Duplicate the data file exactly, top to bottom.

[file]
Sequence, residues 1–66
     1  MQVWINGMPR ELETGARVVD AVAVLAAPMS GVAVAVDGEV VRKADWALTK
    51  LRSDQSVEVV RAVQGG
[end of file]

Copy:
Sequence, residues 1–66
     1  MQVWINGMPR ELETGARVVD AVAVLAAPMS GVAVAVDGEV VRKADWALTK
    51  LRSDQSVEVV RAVQGG